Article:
Dietrich (2001) thinks everything is computational. If so, then nothing is meant by saying something is computational. But it is not so. Flying is not computational. Heating is not computational. By the same, thinking in not (all) computational.
REPRINT OF: Harnad, S. (1993). Harnad's response to Dietrich. Think 2: 12-78 (Special Issue on "Connectionism versus Symbolism" D.M.W. Powers & P.A. Flach, eds.). http://cwis.kub.nl/~fdl/research/ti/docs/think/2-1/index.stm
1. If Dietrich (2001) endorses my empirical approach, is there anything left to quarrel about? Or has he too changed the subject? I define computation as syntactic symbol manipulation; Dietrich sees it as the execution of recursive functions. As far as I know, these two are equivalent. Dietrich says every process is a computation, but that this is not vacuous. If he means every process is describable by computation (as it is by English sentences -- another form of computation), I think this is true (I do subscribe to the Church/Turing Thesis), but irrelevant. For the purpose of computationalism (or so I thought) was to distinguish cognitive systems from, say, planetary systems, fluids and electrons (to pick some basic physical systems), or from furnaces, cars and planes (to pick some engineering systems). If all of these dynamical systems are computational systems, then so is the brain, of course, and there seems to be nothing worth disagreeing about -- but we're no closer to knowing what's special about cognitive systems.
2. But is every dynamical process computation? Is there no longer a difference between a furnace and a virtual furnace? I think I can still espy one: The furnace really gets hot, whereas the virtual furnace is just a bunch of symbols that are systematically interpretable as if something was getting hot. 'Getting hot,' in other words, is not a computational process but a physical process; in particular, unlike computation, it is not implementation-independent. So there's hope for computationalism. For if it is not true that every process is just computation, but only that every process is simulable by computation, then we can still ask whether cognition is something computation is rather than just something computation can simulate or describe; in other words, whether cognition is just implementation-independent syntactic symbol manipulation or something more.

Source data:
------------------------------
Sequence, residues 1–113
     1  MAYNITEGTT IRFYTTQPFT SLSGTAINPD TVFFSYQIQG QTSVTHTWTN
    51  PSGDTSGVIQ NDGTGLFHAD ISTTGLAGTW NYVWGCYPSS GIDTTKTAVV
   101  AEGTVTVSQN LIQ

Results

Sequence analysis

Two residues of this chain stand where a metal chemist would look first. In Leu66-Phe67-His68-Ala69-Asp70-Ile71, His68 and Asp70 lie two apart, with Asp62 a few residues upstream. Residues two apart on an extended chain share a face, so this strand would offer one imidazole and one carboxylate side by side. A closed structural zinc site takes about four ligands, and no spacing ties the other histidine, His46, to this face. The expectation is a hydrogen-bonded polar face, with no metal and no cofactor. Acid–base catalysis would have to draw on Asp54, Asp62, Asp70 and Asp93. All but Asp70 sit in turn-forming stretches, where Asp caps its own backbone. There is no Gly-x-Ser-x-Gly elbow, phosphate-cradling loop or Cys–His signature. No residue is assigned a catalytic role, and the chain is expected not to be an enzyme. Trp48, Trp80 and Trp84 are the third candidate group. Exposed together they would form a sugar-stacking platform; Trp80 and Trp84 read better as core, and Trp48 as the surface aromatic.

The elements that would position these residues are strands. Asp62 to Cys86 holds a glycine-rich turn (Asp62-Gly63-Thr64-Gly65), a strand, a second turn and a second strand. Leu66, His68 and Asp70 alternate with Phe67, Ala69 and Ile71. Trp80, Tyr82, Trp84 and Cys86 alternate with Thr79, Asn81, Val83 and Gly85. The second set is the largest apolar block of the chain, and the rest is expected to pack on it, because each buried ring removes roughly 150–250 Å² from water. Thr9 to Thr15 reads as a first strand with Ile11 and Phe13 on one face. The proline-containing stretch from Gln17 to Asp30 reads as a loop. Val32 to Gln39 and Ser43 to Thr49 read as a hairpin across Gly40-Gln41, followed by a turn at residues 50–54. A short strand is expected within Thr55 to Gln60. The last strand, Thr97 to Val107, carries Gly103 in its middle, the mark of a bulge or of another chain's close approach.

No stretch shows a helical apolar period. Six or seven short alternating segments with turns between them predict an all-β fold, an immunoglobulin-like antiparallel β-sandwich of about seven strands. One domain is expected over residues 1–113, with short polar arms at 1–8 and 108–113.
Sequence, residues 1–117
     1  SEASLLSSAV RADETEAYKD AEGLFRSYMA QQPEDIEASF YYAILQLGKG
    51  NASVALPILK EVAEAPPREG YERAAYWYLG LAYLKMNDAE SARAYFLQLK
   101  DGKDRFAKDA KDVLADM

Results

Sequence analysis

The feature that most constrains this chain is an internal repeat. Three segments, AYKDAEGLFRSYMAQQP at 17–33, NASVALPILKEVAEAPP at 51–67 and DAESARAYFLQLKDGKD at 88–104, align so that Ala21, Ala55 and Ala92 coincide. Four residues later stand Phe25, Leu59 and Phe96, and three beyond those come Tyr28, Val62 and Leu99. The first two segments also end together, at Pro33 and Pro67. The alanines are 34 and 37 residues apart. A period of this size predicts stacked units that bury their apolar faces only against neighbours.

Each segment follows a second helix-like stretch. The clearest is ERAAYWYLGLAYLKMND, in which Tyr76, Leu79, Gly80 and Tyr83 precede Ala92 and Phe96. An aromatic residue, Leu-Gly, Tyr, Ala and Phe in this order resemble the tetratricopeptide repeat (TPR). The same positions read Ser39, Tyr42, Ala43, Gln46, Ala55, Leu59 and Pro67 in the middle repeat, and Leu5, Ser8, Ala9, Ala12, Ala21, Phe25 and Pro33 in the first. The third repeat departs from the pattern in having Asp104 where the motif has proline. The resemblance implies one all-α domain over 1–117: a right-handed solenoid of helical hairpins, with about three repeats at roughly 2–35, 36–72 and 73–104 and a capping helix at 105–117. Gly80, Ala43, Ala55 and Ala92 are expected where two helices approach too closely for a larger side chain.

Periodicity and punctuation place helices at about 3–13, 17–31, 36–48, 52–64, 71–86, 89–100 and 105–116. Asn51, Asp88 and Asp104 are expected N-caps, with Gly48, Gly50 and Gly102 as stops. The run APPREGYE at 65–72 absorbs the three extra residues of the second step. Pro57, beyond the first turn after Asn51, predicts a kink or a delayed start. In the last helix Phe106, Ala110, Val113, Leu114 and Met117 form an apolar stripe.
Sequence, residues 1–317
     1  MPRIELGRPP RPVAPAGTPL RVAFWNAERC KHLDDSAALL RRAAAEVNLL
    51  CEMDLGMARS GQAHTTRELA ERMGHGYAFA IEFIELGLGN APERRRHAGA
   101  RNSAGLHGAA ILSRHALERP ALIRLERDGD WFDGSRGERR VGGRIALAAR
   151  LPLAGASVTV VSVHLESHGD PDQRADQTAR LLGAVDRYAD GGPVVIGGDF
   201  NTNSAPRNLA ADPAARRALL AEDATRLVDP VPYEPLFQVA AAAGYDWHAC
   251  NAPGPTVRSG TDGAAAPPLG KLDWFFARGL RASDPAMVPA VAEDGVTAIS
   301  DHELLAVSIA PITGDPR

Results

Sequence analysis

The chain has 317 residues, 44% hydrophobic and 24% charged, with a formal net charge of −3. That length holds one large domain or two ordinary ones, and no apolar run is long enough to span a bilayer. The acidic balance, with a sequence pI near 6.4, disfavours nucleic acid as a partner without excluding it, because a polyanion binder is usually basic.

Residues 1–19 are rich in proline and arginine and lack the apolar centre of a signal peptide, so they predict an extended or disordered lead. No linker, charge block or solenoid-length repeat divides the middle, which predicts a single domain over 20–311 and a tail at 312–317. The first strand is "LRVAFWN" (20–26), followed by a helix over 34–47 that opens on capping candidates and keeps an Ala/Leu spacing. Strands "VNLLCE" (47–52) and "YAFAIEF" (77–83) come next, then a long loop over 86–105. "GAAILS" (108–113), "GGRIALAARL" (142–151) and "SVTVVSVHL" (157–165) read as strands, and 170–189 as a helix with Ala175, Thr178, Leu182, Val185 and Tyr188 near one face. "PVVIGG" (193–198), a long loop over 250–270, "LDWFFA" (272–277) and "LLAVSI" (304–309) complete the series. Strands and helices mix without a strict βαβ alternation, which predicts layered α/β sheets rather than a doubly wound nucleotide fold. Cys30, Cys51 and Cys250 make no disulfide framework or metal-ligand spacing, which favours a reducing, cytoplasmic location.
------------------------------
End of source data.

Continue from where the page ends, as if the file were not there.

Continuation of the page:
3. And it turns out that you don't have to turn to the halting problem to falsify this nonvacuous hypothesis: Searle's (1980) Chinese Room Argument suffices; or, if that's not enough to persuade you, consider the kinds of obstacles the symbol grounding problem raises for the hypothesis that thinking is just symbol manipulation (Harnad 1990a,b). I can't see Dietrich's difficulty with understanding what is meant by 'syntactic rules operating only on [symbol] shapes' [which, like the shape of the physical states in the simulated furnace, are arbitrary in relation to what the symbols can be systematically interpreted as meaning -- see Boyle (2001) on pattern matching], but I would be especially interested to hear more about the 'commonplace' that computation is 'fully semantical': Does this mean that a simulated furnace is not just squiggles and squoggles that are systematically interpretable by us as if they were getting hot? Do they somehow embody that interpretation autonomously, in the way that the sentences in a book, say, do not?